There are many reasons to grow hot peppers at home in a hanging basket. Not only do their bright colors add a happy touch to their surroundings, but their spicy flavor livens up home cooking. On top of that, they are hardy and easy to maintain.
Those who enjoy a challenge will enjoy germinating their own hot peppers at home from seeds. Seedsavers.org is a great source for exotic seed varieties. More common varieties can be found at gardening stores, along with seedlings for those who like a sure thing when it comes to their peppers. Experts recommend planting seeds at the end of winter, but if they are grown inside, they can grow as long as they are kept warm, between 80-85 degrees Fahrenheit. Simply plant seeds at a depth of one half of an inch and keep soil moist but not waterlogged. Fertilize soil using compost or droplets to provide nutrition for the plant.
Once your seeds have sprouted and you have your seedlings, you will want to plant them into your hanging basket. Small, compact pepper varieties grow best in small containers, whereas larger peppers prefer larger baskets. Chiltepins, tabascos, pueblos, ajis and Thai peppers are all well suited for container planting. Make sure that your basket is not too dark so that it does not absorb too much sunlight. As peppers grow, you can prune the bottom leaves and flowers like a bonsai tree to encourage or discourage vertical growth.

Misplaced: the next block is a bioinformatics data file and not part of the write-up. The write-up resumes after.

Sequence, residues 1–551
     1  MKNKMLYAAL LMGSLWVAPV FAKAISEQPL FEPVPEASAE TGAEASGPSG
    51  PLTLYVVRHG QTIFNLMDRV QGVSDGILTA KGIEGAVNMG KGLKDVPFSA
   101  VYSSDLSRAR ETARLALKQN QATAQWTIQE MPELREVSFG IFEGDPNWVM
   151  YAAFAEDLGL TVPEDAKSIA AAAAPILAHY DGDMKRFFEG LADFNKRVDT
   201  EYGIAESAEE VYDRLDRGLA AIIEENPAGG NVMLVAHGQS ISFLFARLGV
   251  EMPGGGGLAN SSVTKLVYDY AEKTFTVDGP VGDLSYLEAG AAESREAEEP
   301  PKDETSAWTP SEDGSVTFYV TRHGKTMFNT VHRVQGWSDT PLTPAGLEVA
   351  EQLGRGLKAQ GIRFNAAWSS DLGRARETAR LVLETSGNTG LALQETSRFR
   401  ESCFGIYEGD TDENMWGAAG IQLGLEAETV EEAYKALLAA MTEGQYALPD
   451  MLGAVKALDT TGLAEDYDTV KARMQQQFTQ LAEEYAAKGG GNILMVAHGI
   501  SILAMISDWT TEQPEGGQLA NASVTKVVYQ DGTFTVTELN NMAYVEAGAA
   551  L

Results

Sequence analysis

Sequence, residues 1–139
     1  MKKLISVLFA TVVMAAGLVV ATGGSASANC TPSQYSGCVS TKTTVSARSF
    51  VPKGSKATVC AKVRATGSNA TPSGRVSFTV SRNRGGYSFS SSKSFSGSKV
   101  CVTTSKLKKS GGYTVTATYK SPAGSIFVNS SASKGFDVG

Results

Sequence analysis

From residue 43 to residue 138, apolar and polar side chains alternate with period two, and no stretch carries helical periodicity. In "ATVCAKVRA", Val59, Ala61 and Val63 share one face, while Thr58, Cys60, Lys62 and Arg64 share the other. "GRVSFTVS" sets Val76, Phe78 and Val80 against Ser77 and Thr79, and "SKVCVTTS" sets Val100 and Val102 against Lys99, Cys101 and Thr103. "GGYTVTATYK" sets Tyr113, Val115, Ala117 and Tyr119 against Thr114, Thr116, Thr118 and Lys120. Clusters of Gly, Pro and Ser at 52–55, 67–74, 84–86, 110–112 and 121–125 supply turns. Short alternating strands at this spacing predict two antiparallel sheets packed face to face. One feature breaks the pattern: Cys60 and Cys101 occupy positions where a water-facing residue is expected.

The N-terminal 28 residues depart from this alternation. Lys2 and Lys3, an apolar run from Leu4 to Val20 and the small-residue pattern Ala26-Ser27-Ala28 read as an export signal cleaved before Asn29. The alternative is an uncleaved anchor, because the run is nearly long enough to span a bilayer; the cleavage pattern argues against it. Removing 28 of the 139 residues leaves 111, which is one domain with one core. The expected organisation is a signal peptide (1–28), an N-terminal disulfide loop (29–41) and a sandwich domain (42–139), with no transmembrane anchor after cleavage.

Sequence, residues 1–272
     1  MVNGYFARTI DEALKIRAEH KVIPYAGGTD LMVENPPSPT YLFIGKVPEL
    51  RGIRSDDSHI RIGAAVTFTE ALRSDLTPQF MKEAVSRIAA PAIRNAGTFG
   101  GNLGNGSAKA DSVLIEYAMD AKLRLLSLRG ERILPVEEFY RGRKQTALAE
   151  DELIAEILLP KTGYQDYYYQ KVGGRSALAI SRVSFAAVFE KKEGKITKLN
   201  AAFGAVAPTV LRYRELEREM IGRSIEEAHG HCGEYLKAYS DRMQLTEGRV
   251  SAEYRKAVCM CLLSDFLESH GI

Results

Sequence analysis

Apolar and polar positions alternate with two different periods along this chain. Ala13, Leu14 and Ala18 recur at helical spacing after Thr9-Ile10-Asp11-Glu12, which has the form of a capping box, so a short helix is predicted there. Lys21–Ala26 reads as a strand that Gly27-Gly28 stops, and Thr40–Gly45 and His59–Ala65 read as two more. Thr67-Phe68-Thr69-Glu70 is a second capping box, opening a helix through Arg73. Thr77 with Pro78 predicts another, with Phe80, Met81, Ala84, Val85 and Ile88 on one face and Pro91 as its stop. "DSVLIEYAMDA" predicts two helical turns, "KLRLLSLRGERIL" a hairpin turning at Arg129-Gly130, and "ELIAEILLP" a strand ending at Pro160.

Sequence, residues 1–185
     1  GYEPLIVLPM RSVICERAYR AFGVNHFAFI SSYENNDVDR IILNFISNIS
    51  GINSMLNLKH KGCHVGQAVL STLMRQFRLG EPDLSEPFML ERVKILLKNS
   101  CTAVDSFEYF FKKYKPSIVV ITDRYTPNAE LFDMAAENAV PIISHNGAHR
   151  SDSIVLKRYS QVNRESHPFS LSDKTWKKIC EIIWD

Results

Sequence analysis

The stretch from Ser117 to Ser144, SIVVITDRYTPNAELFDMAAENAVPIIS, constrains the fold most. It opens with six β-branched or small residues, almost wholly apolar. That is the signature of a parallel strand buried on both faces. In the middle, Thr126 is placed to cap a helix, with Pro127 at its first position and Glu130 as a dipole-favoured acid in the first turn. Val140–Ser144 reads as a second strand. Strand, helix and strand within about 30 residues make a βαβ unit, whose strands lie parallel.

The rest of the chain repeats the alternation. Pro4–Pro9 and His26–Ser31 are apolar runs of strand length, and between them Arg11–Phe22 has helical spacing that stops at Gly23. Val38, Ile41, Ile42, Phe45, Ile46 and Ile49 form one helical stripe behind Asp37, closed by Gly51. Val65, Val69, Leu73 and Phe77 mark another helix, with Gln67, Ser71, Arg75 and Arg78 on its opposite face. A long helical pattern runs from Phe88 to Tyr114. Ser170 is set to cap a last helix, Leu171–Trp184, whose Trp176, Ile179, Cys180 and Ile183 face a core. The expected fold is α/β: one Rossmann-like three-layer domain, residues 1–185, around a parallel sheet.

Once plants are six to eight weeks old, they are ready to brave the great outdoors. The great thing about hanging baskets is that you can hang them outside to get sun, and then bring them indoors in case of heavy rain or hail, or just keep them inside in a sunny window. Indoors, hot peppers will continue to produce peppers as long as the temperature is warm enough.